The Green Hornet began as a radio show that then later became a TV series in 1966 starring Bruce Lee. After only a year it was cancelled and then fell into obscurity. Until, that is, Seth Rogen and Evan Goldberg wanted to bring it back.
The film begins with Britt Reid (Seth Rogen) as a child and him having yet another disappointed conversation with his father, James Reid (Tom Wilkinson). Flash forward 20 years and those conversations are still happening. Britt decides that if his dad will always be so disapproving then he might as well continue but party while he’s at it. Things then take a turn when James dies unexpectedly leaving Britt to manage his newspaper empire.
It’s here, while he wastes his days in bed and fires all of his house staff, that he encounters Kato (Jay Chou) – and this is only because he makes really good coffee. Britt and Kato then bond over their opinions of Britt’s father and decide to go out and seek some justice. It’s after this first outing (and some serious butt-kicking) from Kato they form, the Green Hornet… and his un-named sidekick.
Wanting to be vigilantes rather than superheroes, they aim to be feared by all the criminals, so they make themselves stand out and let them know that they mean business. A fool-proof plan… if it wasn’t for current kingpin, Chudnofsky (Christophe Waltz).
The Green Hornet will inevitably be labelled as a superhero film, much in the same way that Kick Ass was. However, this is a film about a pair of bored guys, one with money and comic chops and the other with Bruce Lee fighting skills and brains, simply wanting to fight some crime and be big.
There are certain aspects of the film that you would think are all wrong and shouldn’t work but they do and, most importantly, they work well. The two leads, Seth Rogen and Jay Chou, are credible as their characters. They have a good on-screen relationshis that rebounds as much as it pulls together. Jay Chou stands out more for very much the same reason that Bruce Lee did in the series. His impressive fighting skills and quiet underestimated charm are what stay with you after the credits have rolled.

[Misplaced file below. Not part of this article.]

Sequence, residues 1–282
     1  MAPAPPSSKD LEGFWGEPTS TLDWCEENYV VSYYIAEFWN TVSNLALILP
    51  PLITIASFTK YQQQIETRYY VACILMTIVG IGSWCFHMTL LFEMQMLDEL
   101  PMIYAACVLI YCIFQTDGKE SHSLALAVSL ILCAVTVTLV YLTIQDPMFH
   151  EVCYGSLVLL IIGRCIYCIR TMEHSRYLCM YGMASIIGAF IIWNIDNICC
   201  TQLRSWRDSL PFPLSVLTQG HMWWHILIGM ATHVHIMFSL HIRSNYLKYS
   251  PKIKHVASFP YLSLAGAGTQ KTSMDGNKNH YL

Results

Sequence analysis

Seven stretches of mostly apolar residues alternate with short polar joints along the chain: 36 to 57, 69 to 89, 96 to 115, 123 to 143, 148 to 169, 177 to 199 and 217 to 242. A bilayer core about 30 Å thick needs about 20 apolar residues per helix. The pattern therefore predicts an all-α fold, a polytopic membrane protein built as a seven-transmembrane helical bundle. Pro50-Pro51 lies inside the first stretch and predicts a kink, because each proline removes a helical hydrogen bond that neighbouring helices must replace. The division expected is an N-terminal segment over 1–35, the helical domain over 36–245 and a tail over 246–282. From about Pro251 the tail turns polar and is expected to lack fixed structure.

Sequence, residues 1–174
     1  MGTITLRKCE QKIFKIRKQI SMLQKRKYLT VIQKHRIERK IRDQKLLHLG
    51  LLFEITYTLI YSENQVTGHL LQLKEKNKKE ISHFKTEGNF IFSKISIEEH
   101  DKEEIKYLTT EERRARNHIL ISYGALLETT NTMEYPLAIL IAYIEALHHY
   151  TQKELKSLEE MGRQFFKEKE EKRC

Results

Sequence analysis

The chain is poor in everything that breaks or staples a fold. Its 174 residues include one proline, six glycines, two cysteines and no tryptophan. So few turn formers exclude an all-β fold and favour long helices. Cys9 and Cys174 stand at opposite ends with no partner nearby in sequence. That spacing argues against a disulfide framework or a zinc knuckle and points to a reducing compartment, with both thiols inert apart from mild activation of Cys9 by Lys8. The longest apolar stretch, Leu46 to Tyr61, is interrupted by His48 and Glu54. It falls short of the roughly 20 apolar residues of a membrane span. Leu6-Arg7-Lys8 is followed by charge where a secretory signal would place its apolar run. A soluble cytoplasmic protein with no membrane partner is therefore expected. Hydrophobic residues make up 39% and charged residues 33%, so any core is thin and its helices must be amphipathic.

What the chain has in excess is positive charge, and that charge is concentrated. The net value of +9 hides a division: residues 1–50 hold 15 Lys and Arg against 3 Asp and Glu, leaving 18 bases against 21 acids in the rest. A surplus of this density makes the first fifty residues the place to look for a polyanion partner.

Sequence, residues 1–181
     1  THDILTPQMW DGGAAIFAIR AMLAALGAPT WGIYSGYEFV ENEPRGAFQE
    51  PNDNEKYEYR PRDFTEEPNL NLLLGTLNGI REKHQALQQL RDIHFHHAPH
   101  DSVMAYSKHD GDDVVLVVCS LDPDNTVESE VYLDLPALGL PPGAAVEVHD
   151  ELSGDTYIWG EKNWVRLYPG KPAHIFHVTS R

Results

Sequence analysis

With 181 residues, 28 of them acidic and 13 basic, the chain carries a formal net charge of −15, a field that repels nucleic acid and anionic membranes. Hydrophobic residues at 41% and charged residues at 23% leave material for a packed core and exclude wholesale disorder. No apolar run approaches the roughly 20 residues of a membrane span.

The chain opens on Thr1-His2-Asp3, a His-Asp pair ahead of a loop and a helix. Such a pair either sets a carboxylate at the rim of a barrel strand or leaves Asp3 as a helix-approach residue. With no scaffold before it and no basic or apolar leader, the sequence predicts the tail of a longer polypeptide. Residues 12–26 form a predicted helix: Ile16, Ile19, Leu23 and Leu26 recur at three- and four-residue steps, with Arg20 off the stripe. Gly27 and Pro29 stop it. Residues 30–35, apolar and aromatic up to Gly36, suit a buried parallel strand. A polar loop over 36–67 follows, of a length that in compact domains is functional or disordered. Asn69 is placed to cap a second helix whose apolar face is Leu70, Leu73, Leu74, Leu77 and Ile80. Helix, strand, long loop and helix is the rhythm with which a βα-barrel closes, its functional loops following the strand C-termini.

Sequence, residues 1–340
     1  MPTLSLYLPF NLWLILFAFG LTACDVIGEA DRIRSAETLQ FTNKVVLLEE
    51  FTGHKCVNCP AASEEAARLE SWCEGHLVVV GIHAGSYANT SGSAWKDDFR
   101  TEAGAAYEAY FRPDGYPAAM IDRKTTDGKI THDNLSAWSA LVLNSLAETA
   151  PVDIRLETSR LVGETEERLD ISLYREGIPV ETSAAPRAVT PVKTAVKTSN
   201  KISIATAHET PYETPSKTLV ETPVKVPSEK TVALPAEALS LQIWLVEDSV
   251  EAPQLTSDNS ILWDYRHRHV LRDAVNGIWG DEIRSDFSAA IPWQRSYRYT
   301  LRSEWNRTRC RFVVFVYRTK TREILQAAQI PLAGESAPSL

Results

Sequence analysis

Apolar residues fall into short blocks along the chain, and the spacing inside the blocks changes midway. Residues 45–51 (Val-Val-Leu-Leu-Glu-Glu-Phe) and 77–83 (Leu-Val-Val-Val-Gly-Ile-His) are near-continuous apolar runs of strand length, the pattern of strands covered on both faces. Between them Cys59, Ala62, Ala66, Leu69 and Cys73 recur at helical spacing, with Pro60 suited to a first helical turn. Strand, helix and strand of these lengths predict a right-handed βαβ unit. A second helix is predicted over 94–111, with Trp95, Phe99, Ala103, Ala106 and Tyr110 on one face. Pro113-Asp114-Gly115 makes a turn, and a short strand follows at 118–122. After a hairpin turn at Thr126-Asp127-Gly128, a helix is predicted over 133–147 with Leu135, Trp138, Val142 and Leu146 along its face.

Christophe Waltz is on great form here, playing his villain as a calm psychopath and a live wire. Cameron Diaz also makes an appearance as Lenore, the journalist who has both Britt and Kato fighting for her affections.
The script is sharp and witty and not too dissimilar to Rogen’s Superbad or Drillbit Taylor. The look of the film is impressive especially the cars, Kato’s Black Beauties. The engineering behind these machines is sleek, sharp and cool. You don’t need the added bonus of 3D to appreciate their scenes in the film. The Green Hornet is well shot with great locations and stand-out action scenes, enhanced by being shown in 3D, but not necessarily better.
|Jay Chou (Kato).|
|When outside the restaurant walking up to the crime lords, Kato pulls out Bruce Lee’s One Inch Punch… BAM!|
|We could be heroes! We will *pose* as villains to get close to the bad guys. That way, no one will suspect we're really the good guys.|
|Watch if you liked|
|Kick Ass, Superbad, Scott Pilgrim vs. The World.|
|Jay Chou is a famous Asian Pop Star.|
We are looking for initial adopters / testers of our site's new functionality and tools.
If you are a writer or entertainment enthusiast and early access as a tester interests you, visit our join page to get in touch.